Openings: Katja Strunz

Katja Strunz

MAYBE THIS IS APOCRYPHAL and maybe it’s not: On first seeing Robert Smithson’s crystalline Untitled, 1964–65, as a student in Karlsruhe, Germany, artist Katja Strunz put away her paintbrushes and began to make her own prismlike wall sculptures with multiple vanishing points. However, she abolished his mirrored panels to deny reflection and the infinite regress of their facings, and thus made what she called a Smithson “with its eyes poked out.” Like most origin stories and oedipal fables, this one is credible in its particulars and freighted with the genealogical implications of its performative blinding. And in relation to the angular cuts and multifaceted surfaces of the currently Berlin-based Strunz’s subsequent works, the account would seem to give the game away, were it not for the fact that, despite all her formalist leanings, Strunz’s appropriations—which reach beyond Smithson to Constructivism and other avant-gardes (to say nothing of her references to a broader history of forms)—are less morphological than conceptual. Or better, her appropriations are morphological to the extent that they thematize and make concrete the inescapability of literal and material precedent. As she pithily explains, “The die has been cast.”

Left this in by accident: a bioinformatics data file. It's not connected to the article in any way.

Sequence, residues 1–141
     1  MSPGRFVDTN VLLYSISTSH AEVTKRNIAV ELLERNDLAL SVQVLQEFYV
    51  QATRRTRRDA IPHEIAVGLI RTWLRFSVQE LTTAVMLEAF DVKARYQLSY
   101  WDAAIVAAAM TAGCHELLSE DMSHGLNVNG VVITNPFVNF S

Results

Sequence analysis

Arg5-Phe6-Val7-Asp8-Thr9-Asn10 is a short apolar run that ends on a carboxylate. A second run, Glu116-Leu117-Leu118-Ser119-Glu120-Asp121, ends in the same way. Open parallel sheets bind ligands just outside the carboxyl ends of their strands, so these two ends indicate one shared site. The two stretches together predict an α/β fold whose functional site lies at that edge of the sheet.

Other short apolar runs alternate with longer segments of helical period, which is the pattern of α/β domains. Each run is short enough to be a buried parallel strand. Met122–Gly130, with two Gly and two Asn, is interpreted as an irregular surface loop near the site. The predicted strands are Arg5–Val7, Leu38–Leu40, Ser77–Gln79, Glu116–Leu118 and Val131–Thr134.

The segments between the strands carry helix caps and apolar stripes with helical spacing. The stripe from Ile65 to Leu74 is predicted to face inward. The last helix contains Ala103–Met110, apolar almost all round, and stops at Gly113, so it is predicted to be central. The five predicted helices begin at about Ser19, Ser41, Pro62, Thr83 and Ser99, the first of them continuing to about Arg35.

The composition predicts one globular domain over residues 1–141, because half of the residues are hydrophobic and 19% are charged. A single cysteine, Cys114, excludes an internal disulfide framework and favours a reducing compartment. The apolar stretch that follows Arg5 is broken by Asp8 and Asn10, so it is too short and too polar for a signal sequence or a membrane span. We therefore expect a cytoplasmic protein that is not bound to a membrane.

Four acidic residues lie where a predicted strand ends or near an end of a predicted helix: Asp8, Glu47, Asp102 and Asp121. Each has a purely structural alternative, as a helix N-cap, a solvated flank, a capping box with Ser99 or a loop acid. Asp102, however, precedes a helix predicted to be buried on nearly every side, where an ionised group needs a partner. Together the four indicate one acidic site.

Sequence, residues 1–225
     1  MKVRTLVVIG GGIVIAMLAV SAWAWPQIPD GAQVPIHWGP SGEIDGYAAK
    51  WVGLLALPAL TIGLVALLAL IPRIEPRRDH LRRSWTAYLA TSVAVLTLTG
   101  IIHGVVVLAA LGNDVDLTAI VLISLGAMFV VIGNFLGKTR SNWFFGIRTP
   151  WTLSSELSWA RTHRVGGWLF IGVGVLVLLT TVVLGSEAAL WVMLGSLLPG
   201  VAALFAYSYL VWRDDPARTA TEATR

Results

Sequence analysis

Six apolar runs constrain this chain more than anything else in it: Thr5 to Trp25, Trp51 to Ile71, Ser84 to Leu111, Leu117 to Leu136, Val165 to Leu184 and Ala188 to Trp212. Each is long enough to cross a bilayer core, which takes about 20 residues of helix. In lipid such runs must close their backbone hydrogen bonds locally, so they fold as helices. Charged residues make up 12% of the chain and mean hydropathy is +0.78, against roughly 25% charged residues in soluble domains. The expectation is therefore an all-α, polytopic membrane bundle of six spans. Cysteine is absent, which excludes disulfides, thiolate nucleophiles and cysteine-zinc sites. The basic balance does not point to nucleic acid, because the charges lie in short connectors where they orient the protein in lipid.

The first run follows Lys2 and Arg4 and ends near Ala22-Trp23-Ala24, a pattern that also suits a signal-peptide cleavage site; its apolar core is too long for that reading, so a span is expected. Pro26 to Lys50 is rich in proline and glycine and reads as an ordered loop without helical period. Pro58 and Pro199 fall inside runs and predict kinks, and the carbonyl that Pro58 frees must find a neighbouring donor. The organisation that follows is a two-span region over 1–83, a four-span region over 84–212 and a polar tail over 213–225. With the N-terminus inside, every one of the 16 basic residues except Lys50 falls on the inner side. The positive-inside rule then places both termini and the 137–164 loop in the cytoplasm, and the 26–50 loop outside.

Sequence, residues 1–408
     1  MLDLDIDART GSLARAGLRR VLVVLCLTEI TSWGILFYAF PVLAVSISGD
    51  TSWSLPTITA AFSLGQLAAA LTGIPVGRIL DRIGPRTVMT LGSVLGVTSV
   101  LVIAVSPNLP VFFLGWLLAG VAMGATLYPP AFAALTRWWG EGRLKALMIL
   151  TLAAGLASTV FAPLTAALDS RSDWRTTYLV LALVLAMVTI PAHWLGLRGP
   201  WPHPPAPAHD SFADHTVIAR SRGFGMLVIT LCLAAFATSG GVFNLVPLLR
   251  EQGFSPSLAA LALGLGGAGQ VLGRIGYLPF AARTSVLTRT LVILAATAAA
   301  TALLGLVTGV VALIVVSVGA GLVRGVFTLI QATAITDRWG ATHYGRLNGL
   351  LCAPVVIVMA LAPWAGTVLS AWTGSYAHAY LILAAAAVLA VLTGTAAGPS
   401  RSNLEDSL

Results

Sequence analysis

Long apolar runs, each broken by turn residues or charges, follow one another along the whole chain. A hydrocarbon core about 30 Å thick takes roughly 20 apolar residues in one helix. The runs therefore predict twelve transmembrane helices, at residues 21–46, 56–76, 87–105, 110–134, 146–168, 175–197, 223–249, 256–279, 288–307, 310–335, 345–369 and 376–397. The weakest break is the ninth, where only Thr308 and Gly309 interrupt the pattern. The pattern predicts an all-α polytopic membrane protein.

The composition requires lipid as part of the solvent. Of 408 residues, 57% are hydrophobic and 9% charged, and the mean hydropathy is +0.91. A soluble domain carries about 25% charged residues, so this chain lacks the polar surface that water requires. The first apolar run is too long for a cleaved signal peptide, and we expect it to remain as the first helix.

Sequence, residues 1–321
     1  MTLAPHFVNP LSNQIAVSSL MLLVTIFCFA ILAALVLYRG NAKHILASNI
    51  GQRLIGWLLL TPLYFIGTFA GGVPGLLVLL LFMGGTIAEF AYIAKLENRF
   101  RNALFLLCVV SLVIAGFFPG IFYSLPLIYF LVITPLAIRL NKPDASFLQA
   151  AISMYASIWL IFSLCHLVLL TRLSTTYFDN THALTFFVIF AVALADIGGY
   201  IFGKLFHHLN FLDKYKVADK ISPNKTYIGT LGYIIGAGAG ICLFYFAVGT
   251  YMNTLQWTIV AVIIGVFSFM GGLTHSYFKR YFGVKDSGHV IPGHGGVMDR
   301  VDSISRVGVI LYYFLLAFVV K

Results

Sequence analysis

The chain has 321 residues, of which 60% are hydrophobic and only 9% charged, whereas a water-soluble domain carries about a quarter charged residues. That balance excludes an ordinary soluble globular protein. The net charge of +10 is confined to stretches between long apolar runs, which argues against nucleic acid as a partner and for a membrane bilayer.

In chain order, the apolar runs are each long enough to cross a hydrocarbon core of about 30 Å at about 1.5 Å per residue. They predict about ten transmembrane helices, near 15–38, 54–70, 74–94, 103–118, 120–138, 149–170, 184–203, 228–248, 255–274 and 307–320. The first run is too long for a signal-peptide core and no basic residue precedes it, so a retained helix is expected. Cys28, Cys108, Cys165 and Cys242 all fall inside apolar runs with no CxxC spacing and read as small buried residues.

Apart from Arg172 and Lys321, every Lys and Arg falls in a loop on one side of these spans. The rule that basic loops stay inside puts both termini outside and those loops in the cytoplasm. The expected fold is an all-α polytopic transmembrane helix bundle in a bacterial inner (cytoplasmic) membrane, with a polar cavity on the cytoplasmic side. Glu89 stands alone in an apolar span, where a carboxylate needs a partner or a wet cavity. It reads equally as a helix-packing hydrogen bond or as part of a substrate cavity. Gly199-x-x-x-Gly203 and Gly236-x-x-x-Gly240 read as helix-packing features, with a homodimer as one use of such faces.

In making her borrowing from art history easy to discern, Strunz activates a recursive structure riddled with the fixed temporality of befores and afters. Heinrich Wölfflin once suggested that “not everything is possible at all times,” and Strunz’s historicism seems equally axiomatic. It is patent in the case of a text that appears in one of her better-known works on paper, which declaims in no uncertain terms, TODAY IS NOT YESTERDAY. The same sentiment obtains in Time of the Season, 2003, Strunz’s droll nod to Marcel Duchamp in the form of a motorized contraption of three oscillating wheels locked in endless circular revolution, shown at Doggerfisher gallery in Edinburgh the year it was made. Other projects have been forthright in their utilization of fragments excavated from prior lives: Boats, smashed glass panes from greenhouses, and abandoned East Berlin swimming pools all figure prominently in her recent collages and early, more representational photo-based works. But in these cases Strunz seems to have poked her own eyes out, disavowing obvious forms of culled representation but retaining an appropriative structure. Most poetic and complex in this vein perhaps is her Visionary Fragment (für Antoine Augustin Cournot), 2005, a bronze cast of two mutually propped and counterbalanced slivers of an abandoned honeycomb—at once a sly gesture toward Richard Serra’s One Ton Prop (House of Cards), 1969, and an ossified memorial to the long-dead bee colony.